Here’s one of the latest games available.
Gears of War, from Microsoft Game Studios for Xbox 360, rated M for mature, $59.99. If it were not for this game’s incredibly cinematic, groundbreaking interactivity, which throws players into a sci-fi universe devastated by a subterranean species, I might just pass on it. I have seen this type of brutally violent scenario too many times before for nearly every entertainment console, and I am not sure how many more extraterrestrial entrails I can wade through before I need a psychiatrist.
Despite my reticence, any serious gamer older than 17 who is of sound mind will appreciate being thrown onto the planet Sera and taking control of a hard-core, bullet-spitting soldier named Marcus Fenix as he and his squad annihilate an assortment of cybernetic freaks called the Locus Horde.
The mix of enemies looks as if it were culled from a genetic mix of “Starship Troopers,” “Resident Evil” and “The Fifth Element” bad guys. They constantly challenge Fenix as he becomes the focal point of an unprecedented immersion into a five-act, 30-chapter saga built upon nasty guerrilla warfare.
This third-person adventure sends a solo player on a harrowing journey through dreary outdoor environments, cathedrals, prison corridors, tombs and mining tunnels with an unimaginable amount of spectacular visual and auditory effects. They made me feel as if I were looking through a blood-splattered window at the lifelike carnage.
The player will embrace slabs of concrete, well-fortified door frames and burned-out vehicles as he constantly batters the A button to hug them, take cover and then quickly return fire, either blindly or targeted.
His arsenal is another dazzling part of the Gears of War experience. The standard-issue assault rifle, the Lancer, is equipped with a chain-saw bayonet that will cause squeamish players to cover their peepers as they slice and dice.
The Hammer of Dawn weapon is a marvel that delivers a powerful laser from the sky when Fenix gets his enemies in the open and can aim an infrared beam at them.
Additionally, a new wrinkle in firearm usage comes via a metered system called the Active Reload. Players who click at the right time as a bar fills up are rewarded with an immediate reload and added damage to enemies. Miss the mark, and Fenix offers an obscenity as the gun temporarily jams and puts him at considerable risk.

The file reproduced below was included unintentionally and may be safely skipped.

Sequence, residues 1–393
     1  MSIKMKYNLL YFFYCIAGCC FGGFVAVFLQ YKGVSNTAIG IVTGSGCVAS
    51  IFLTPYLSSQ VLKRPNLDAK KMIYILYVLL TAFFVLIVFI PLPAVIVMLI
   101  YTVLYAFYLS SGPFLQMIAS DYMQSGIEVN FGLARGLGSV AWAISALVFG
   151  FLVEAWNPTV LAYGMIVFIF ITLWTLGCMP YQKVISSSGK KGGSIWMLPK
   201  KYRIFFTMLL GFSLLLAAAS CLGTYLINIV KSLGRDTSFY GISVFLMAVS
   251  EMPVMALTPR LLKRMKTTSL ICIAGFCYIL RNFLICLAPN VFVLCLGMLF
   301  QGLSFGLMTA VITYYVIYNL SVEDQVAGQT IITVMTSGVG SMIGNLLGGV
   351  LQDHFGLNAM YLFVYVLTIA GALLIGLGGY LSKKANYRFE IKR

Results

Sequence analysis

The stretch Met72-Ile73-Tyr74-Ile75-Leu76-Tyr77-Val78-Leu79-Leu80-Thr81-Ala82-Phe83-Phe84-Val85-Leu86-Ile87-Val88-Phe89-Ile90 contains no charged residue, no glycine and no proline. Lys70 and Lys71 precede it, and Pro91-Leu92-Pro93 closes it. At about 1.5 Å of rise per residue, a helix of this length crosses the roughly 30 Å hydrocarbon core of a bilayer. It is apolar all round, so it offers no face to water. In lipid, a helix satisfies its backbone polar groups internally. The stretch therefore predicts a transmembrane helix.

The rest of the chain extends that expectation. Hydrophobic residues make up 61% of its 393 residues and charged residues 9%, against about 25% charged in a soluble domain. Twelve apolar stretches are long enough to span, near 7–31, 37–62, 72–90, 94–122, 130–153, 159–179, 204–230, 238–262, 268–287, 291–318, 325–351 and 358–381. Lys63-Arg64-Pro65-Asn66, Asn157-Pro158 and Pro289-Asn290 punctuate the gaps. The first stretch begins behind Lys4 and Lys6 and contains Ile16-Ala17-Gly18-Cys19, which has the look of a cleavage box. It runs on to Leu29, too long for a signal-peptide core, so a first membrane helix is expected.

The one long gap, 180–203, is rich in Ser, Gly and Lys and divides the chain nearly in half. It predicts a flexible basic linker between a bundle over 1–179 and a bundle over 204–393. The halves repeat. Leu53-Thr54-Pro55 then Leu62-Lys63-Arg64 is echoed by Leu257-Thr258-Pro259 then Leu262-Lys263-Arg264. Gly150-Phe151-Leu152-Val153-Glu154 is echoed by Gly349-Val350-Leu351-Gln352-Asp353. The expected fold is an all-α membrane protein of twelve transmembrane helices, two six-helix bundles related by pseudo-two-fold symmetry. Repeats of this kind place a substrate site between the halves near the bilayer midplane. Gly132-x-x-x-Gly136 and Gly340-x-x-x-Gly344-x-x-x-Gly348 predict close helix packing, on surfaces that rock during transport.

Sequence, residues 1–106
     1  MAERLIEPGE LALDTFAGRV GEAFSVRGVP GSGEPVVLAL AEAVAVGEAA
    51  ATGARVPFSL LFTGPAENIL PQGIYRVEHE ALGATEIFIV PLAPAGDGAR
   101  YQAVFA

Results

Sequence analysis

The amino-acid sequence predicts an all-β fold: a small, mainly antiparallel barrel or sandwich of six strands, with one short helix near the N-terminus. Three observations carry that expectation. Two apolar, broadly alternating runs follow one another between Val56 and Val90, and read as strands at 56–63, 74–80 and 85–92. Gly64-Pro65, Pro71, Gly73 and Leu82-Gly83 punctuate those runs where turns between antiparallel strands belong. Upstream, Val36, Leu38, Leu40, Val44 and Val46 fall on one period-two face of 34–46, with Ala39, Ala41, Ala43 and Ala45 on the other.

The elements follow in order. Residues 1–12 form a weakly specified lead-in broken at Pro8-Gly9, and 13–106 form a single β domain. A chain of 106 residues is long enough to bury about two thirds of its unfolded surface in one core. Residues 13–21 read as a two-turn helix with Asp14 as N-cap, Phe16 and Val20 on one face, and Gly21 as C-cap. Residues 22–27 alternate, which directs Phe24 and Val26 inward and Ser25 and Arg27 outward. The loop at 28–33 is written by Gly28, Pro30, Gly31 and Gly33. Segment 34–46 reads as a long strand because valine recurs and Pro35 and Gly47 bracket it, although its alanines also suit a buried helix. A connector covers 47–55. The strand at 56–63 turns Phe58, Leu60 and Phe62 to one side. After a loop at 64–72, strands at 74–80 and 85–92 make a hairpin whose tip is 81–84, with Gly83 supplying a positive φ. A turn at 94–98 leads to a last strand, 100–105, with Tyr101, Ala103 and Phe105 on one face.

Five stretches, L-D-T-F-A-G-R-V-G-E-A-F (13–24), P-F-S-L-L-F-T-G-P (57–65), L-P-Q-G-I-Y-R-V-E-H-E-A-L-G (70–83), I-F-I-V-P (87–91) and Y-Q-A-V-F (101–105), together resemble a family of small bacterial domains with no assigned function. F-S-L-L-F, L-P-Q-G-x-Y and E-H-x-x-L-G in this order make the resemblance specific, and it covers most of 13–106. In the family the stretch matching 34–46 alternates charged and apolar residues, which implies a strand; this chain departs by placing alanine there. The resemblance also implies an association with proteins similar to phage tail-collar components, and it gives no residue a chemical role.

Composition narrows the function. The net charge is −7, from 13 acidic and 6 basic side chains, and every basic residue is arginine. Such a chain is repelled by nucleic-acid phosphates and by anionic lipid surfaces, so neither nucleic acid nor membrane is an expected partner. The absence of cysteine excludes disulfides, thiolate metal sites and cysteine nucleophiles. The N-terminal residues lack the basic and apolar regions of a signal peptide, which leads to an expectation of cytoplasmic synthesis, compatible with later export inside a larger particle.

The action challenges at three levels of difficulty and looks incredible, from the wafts of fog and dust found nearly everywhere to a hand-held camera shot used when Fenix moves quickly through the terrain.
To extend the level of replayability, Microsoft generously provides not only a three-tired cooperative mode accomplished via split screen, system link or Xbox Live servers, but also the brilliantly lag-free multiplayer mode, which enables players around the world to go online and virtually murder one another — one level requires close-range executions on the path to victory.
I can appreciate the artistic and technical wizardry found in Gears of War, but as a parent and member of the human race, I am beginning to feel uncomfortable with the constant and ever-more-realistic levels of violence found in the entertainment medium, especially as visuals reach higher levels of definition.
Just as with R-rated movies, when it comes to M-rated games, viewer and parental discretion must always be advised. I wonder, however, if game developers really need to give a planet already filled with unspeakable real daily violence even more interactive ways to slaughter.
I do not have an answer, but that chain-saw weapon sure is way cool.
Write to Joseph Szadkowski, The Washington Times, 3600 New York Ave. NE, Washington, DC 20002; or send e-mail (jszadkowski@ washingtontimes.com).